The UK Independence Party has achieved its best showing at the polls yet by winning almost 150 seats in the council elections.
igel Farage, the party's leader, was jubilant after it emerged that one in four voters supported Ukip in the elections in 35 councils in England and Wales in an anti-European backlash.
The rise of the party cost the Conservatives three local authorities, although Ukip did not win control of any councils.
The party was even second in the South Shields by-election in the north east of England, where the Tories were third and the Liberal Democrats a distant seventh.
By late yesterday Ukip had seen 147 councillors elected, of whom 139 were gains. More than one million people voted for the party, according to a spokesman.
Mr Farage revelled in the insults he has received from the mainstream parties, claiming that Tory Cabinet Office minister Ken Clarke's dismissal of Ukip as "clowns" added "three per cent to our vote share".
He added: "I am going to invite him (Mr Clarke) to be my guest speaker at our annual conference. Please, please Conservative party, keep the abuse coming."
Mr Farage was mobbed by well-wishers in Westminster, stopping off for a pint at his favourite pub the Marquis of Granby.
He said: "I can't believe it. I have had so many disappointments. I thought I was the patron saint of lost causes."
Mr Farage said that the support of around a quarter of the electorate had been "more than I dreamt possible". He added: "This is a real sea-change in British politics."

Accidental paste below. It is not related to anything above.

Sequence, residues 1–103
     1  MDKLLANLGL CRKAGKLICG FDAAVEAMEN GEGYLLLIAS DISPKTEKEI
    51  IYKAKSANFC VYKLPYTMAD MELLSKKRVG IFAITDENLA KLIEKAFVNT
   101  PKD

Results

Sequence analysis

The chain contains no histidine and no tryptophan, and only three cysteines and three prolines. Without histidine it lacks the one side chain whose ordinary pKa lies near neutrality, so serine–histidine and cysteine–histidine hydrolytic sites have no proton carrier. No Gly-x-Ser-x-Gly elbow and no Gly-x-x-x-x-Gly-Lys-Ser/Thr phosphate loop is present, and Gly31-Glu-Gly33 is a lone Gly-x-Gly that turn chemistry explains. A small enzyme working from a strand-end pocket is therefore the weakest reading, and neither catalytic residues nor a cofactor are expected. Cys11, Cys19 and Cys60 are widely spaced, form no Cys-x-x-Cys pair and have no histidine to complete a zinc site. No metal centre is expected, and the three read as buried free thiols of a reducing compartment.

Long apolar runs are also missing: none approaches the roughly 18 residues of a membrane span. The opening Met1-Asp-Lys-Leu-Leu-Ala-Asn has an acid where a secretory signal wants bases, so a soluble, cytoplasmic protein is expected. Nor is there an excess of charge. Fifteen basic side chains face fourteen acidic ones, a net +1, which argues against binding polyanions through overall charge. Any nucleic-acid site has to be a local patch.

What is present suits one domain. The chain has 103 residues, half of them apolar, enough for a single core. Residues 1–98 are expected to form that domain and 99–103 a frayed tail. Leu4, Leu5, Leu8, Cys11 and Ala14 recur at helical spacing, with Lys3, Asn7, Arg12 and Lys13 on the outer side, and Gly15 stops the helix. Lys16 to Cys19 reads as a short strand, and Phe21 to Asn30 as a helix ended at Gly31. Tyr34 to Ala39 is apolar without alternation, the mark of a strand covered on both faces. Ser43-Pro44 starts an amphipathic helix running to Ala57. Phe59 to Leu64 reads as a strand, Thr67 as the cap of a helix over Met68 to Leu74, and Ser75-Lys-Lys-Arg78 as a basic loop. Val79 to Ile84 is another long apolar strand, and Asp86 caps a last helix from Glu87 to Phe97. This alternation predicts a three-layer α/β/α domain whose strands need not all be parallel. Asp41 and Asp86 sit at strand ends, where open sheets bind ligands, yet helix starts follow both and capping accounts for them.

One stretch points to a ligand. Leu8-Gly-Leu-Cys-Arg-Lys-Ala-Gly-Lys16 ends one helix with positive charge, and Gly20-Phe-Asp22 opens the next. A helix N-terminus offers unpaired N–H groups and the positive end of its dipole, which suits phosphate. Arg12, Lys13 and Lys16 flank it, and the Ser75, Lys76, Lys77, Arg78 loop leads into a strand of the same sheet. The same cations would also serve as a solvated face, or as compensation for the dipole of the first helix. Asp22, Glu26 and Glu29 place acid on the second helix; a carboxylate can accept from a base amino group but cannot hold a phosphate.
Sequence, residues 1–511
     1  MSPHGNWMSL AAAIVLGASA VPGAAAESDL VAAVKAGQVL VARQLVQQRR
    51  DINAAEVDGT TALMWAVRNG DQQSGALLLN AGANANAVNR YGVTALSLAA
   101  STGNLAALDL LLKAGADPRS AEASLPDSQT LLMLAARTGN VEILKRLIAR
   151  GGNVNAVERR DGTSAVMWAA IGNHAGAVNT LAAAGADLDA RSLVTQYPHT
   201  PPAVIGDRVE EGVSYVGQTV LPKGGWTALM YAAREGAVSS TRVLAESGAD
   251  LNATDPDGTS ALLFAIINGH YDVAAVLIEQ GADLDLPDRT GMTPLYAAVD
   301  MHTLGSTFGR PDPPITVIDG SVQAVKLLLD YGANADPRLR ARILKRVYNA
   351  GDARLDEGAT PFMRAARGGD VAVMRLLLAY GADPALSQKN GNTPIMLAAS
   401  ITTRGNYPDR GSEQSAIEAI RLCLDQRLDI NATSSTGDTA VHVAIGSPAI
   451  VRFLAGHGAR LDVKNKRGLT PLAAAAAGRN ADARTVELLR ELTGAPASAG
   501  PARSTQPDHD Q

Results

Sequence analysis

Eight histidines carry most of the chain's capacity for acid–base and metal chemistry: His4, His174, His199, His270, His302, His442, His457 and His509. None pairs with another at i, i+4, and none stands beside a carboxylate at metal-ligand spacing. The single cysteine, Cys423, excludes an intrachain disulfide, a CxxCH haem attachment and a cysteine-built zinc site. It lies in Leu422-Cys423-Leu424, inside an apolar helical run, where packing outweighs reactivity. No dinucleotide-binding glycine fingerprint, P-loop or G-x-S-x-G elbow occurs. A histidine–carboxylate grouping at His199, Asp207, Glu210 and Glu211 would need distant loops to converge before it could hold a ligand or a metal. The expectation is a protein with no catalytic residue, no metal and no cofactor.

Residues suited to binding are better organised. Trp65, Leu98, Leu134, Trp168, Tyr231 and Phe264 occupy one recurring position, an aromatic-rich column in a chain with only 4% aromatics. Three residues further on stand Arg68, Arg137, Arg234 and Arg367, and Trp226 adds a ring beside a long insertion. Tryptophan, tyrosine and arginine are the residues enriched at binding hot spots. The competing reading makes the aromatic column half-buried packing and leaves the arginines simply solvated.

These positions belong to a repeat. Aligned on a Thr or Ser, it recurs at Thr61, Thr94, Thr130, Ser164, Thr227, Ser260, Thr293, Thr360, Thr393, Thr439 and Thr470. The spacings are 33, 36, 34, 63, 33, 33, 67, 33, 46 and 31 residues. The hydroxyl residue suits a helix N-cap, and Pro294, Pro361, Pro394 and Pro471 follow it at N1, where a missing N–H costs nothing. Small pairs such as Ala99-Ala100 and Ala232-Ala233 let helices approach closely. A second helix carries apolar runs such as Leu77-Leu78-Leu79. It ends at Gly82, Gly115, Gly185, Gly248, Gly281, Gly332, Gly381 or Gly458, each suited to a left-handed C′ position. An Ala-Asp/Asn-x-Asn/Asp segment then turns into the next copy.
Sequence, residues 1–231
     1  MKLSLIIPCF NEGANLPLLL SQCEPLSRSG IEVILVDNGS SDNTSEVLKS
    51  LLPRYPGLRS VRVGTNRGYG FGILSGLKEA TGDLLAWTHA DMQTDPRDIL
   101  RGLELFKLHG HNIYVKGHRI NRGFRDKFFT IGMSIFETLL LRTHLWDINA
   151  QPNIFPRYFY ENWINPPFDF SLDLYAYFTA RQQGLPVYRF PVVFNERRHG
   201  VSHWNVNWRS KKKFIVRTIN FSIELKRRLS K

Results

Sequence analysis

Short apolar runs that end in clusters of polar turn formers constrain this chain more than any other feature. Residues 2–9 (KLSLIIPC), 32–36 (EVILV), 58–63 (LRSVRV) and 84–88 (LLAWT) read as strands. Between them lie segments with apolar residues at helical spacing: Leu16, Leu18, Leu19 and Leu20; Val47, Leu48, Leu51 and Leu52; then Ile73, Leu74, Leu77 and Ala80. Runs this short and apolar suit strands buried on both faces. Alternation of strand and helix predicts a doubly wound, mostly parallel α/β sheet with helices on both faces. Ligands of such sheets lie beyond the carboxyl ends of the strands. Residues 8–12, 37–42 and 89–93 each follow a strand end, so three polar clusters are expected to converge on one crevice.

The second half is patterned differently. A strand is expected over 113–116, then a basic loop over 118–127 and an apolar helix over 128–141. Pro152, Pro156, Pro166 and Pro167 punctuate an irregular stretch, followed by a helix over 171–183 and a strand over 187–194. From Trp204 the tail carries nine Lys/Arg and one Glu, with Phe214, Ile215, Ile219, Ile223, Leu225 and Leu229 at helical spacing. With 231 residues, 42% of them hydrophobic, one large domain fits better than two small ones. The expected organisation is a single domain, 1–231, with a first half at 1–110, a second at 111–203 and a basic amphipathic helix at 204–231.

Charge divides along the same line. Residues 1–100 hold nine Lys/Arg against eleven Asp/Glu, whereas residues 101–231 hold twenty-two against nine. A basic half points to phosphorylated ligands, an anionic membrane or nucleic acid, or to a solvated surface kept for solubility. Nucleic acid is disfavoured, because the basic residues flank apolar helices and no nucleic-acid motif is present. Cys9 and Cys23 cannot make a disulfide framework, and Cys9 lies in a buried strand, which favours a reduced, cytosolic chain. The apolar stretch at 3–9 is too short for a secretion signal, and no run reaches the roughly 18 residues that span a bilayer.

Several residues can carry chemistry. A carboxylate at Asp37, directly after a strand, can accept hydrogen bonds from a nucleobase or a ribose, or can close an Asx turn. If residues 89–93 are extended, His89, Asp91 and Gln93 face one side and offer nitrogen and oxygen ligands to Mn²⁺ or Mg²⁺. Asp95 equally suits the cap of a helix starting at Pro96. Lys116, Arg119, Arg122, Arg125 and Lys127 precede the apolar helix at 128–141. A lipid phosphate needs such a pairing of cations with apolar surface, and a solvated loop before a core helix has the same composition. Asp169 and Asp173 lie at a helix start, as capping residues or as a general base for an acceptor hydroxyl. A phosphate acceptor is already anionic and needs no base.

"It's a fascinating day for British politics. Something has changed here. I know that everyone would like to say that it's just a little short-term, stamp your feet protest – it isn't. There's something really fundamental that has happened here," he said
Bookmaker William Hill was offering odds of 5/1 on Ukip winning a by-election before the general election takes place and5/2 on Ukip winning between one and five seats at the next general election, expected in 2015.
The South Shields contest, triggered by David Miliband's decision to quit as an MP, was won by Labour's Emma Lewell-Buck with a reduced majority of 6,505. Ukip's Richard Elvin was second with 24pc of the vote.
Mr Farage 'pooh-poohed' any talk of the Conservatives reaching out to Ukip and said he would rather be abused by senior Tory politicians.
The Conservatives lost control of councils in Lincolnshire, Norfolk and Cambridgeshire as a direct result of Ukip's advance.
A gamble of fielding 1,700 candidates – three times the number that stood in 2009 – paid off. In 2009 the party had won just seven council seats. (©Daily Telegraph, London)